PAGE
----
Good News and Threats to Fruit
A New York Times piece today, commenting on the government shut-down of Al-Jezira reporters, was headlined something to the effect “no bad news allowed.” Now, of course, the Times was addressing appropriate concerns that free press not be suppressed. But I must question the very substance of the headline. No bad news? From Iraq?
My impression is that there has been very little except bad news reported from Iraq. This despite concerted and often successful efforts by a great many citizens to calm things down and move life onto a—if not normal, than at least hopeful—footing. The utter failure to report any of the good news has been demoralizing for a lot of people—most of them Iraqi; and a dedicated few of other nationalities--who have not had a day’s respite in over a year. They’d like a little credit for what they have accomplished.
So, I’m not going to deliver bad news today. I’ll leave that to the wire services. Even without Al-Jezira, I am sure they’ll find plenty. I’m going to give credit where credit is due, and concentrate on some good news.
Yesterday evening, after the office closed, I went grocery shopping. This may sound utterly mundane. It was. That’s the point. No-one harassed me. No-one closed the door. No-one nervously thanked me for my custom, then requested quietly that I not come back. I made my selections from well-stocked shelves, paid predictably high-ish prices for imported items, and predictably dirt-cheap prices for local commodities, then went on my way. Nothing at all out-of-the-ordinary happened.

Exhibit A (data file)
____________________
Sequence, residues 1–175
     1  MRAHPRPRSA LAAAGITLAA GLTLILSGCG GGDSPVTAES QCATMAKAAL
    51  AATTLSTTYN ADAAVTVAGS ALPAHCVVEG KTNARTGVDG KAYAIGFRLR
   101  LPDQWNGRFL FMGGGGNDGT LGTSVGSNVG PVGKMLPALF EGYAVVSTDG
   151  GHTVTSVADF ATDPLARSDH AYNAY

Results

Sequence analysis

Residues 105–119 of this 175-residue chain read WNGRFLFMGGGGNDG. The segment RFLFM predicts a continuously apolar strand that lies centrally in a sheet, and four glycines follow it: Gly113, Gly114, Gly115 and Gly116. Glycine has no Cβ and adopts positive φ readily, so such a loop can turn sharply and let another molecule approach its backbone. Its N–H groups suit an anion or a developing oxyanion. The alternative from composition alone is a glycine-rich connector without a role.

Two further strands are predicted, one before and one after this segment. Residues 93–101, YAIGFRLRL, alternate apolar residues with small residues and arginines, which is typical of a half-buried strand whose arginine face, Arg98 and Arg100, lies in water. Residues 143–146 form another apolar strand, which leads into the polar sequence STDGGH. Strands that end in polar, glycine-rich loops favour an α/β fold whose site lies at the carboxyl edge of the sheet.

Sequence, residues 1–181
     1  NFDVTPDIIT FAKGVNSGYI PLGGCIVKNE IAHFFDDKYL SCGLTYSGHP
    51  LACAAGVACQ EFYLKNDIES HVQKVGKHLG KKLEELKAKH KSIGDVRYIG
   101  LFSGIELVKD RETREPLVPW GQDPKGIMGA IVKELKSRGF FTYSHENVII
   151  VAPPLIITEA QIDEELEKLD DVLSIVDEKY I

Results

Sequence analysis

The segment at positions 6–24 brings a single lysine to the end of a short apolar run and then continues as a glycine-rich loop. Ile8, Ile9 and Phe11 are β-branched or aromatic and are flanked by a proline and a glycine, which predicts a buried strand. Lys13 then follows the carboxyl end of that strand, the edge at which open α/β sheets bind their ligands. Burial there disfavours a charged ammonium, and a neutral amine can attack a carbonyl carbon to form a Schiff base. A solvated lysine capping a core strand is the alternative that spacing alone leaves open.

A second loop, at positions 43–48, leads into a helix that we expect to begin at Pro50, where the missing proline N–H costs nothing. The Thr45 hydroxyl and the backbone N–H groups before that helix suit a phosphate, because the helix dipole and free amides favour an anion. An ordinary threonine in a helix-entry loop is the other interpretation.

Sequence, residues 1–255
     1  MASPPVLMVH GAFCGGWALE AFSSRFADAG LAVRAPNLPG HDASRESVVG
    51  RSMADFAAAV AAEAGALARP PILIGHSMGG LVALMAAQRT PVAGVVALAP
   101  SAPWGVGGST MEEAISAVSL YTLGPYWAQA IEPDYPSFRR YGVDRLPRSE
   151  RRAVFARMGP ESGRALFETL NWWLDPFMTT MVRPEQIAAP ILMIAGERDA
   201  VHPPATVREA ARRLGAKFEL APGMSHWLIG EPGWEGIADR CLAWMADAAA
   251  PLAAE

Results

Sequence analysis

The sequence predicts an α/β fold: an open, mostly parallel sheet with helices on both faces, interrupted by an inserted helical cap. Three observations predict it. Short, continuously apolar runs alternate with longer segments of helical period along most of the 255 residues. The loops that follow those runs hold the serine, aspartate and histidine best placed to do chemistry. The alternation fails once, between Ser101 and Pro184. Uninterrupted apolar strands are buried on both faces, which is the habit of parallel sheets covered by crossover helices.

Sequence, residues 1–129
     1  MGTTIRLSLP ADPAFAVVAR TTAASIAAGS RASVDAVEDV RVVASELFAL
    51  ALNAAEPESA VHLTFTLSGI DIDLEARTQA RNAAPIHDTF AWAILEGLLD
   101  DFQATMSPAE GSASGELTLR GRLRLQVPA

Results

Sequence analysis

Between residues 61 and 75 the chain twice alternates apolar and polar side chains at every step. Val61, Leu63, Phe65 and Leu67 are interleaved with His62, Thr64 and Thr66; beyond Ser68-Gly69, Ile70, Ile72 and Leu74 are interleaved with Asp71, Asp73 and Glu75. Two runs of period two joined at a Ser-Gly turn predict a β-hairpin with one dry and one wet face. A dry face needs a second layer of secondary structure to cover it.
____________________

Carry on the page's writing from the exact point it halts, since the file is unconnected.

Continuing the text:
Next stop was a roadside fruit stand. Much haggling ensued over a watermelon the size of New Jersey. Insistence (on our part) that it not be cut for a sample. The melon is cut nonetheless, with a knife worthy of a bad b-movie. Now that it is cut, we don’t want it. Now that it is cut, we must take it. A price is named worthy of a Brentwood organic grocer. For an unwanted, uncut melon? Never! We buy elsewhere. Mundane. Again. Despite much brandishing of melon knives, only fruit was threatened, and in the end we bought two monstrous melons for about $1.00 each.
Of course, you are hoping for archaeology news, mundane or otherwise. Much of the past several days has been mundane indeed, spent reviewing invoices for equipment orders, making final decisions about placement of things like flatbed scanners and fax machines, and figuring out what, if anything, we are to do about the leaky roof at Mosul. As at home, it somehow takes the combined decision-making skills of at four Ph.D.s, the CEO, an IT chief, a senior civil engineer, a security chief (travel to, from, and within Mosul is dicey), a systems integrator, a budget analyst, and a secretary to accomplish this. (And these are only those of whom I am aware). But accomplished it is: installation at Baghdad U., Inshallah, is to be finished this week, and work will start in earnest at Mosul U. in the next several days.
Other good news is USAID’s donation of a used 4WD vehicle for the duration. We must first figure out how to pick it up from an undisclosed location, but it is destined for Baghdad U., so that they can get out to their field school at Sippar.